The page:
Mapúa student enters international James Dyson Awards Top 20 with inclusive invention
An invention from a Mapúa University student that absorbs and converts ultraviolet (UV) light into clean renewable energy was recognized in the international design tilt James Dyson Award.
Fifth-year electrical engineering student Carvey Ehren Maigue landed a spot in the International Top 20 with his invention Aureus, a window and wall technology that captures UV light to generate solar energy.
Aureus makes use of a substrate that converts UV light into visible light. The substrate contains organic luminescent particles extracted from waste crops that convert high-energy UV lightwaves to lower-energy visible lightwaves. It is the same process of how the atmosphere produces the Aurora Lights from high-energy waves in space. In turn, the converted visible light will be converted into electricity by photovoltaic films, which function the same way as solar panels.
UV is a form of electromagnetic radiation present in sunlight that can bounce off surfaces such as buildings.
“Compared to conventional claddings that deflect UV light, the device is capable of absorbing UV light instead. I would like to call it as an inclusive design because it is capable of protecting people both indoors and outdoors from UV,” said Maigue.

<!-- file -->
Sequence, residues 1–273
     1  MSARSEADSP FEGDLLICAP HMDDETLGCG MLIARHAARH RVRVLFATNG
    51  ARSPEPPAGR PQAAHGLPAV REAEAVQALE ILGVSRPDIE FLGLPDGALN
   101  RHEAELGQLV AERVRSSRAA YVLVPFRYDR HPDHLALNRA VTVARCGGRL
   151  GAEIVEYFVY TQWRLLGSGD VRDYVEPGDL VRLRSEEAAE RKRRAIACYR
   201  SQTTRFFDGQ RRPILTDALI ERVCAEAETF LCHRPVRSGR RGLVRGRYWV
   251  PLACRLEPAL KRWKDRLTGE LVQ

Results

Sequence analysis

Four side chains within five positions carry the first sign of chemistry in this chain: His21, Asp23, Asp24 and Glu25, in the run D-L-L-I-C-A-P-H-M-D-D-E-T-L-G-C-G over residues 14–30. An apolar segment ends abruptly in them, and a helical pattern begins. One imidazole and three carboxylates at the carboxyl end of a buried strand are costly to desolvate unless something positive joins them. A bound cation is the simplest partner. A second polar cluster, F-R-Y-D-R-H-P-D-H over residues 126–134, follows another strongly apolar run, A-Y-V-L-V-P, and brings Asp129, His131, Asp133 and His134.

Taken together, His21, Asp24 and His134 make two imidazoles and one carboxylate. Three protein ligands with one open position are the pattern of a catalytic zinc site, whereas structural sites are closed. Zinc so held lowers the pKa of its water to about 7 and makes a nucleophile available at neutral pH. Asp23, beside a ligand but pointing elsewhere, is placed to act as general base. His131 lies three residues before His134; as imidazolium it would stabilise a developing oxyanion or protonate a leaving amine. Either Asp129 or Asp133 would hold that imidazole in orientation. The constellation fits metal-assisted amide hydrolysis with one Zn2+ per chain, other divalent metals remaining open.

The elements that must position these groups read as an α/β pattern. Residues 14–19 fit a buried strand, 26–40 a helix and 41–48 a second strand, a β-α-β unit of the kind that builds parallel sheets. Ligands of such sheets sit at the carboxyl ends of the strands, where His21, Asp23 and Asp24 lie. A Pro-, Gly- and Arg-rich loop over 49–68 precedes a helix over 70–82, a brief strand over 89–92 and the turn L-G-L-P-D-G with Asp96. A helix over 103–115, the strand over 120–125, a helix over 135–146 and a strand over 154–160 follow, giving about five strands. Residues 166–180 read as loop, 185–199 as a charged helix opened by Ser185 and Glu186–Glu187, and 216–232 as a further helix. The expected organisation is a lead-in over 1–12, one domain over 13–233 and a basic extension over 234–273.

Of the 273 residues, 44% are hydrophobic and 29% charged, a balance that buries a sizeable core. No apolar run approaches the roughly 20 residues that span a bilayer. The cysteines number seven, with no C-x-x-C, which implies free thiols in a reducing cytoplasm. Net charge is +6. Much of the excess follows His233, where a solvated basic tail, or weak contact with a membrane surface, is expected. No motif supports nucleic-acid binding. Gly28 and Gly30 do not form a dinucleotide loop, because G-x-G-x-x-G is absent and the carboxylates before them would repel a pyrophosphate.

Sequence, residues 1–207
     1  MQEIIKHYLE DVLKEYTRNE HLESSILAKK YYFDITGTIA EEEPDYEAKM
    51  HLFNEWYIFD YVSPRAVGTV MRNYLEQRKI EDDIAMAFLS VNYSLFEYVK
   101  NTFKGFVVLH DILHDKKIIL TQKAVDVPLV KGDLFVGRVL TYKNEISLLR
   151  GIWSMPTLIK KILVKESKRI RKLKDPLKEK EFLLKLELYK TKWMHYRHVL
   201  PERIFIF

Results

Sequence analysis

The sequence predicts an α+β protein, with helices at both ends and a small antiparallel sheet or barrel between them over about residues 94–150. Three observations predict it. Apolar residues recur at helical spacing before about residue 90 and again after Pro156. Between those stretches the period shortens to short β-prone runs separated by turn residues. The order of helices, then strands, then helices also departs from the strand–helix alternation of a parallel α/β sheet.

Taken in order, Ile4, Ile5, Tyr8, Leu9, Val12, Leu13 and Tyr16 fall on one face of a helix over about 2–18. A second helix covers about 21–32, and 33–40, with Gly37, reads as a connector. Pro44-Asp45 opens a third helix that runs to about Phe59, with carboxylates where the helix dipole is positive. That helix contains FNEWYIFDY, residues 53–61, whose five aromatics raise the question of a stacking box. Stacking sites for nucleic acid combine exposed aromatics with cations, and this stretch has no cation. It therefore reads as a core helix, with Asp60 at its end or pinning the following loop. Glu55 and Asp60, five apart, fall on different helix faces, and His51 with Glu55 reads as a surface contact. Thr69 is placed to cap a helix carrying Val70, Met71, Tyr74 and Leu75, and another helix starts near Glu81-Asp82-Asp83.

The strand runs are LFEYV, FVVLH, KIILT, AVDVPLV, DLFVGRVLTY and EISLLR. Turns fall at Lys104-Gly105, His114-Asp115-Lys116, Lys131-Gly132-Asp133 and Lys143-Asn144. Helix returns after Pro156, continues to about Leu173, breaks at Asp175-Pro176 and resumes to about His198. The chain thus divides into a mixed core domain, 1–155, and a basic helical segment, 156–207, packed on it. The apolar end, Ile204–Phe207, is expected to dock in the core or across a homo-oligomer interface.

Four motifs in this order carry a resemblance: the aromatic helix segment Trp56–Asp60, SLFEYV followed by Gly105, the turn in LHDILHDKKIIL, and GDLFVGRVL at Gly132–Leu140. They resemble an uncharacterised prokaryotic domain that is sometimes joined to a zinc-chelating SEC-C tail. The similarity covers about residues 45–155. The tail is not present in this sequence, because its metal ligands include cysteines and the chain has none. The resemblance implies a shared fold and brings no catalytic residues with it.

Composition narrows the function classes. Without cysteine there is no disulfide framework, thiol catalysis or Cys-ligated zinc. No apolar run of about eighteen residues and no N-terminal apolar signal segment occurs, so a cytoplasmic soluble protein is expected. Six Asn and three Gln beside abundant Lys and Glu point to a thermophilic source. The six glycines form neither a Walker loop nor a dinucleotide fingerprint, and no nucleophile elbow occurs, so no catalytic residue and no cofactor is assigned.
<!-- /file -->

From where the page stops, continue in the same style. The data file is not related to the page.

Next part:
Maigue shared that Aureus allows for the creation of vertical solar farms in urban areas, since the device doesn’t need a direct exposure to the sun to catch UV light.
Aside from that, it also supports the local agriculture industry by upcycling crops particularly those that would be considered waste after natural calamities like floods.
“Since the particles used in the substrate can be derived from waste fruits and vegetables, we are giving the farmers another way to recover their losses even if their crops get wasted,” he added.
Meanwhile, Aureus was declared as one of the runners-up among the eight entries from the five universities in the national category. It will progress to the international competition along with two other contenders from the Philippines.
Moreover, Mapúa’s School of Electrical, Electronics, and Computer Engineering Dean Alejandro Ballado Jr. noted that the quality of engineering education that Mapúa provides to its students is at par with the level provided by international universities.
“Carvey’s success demonstrates a great achievement of the learning outcomes we have set for all our students,” he added.
The James Dyson Award is an international design award that celebrates, encourages, and inspires the next generation of design engineers. Winners of the international competition will be announced on November 19.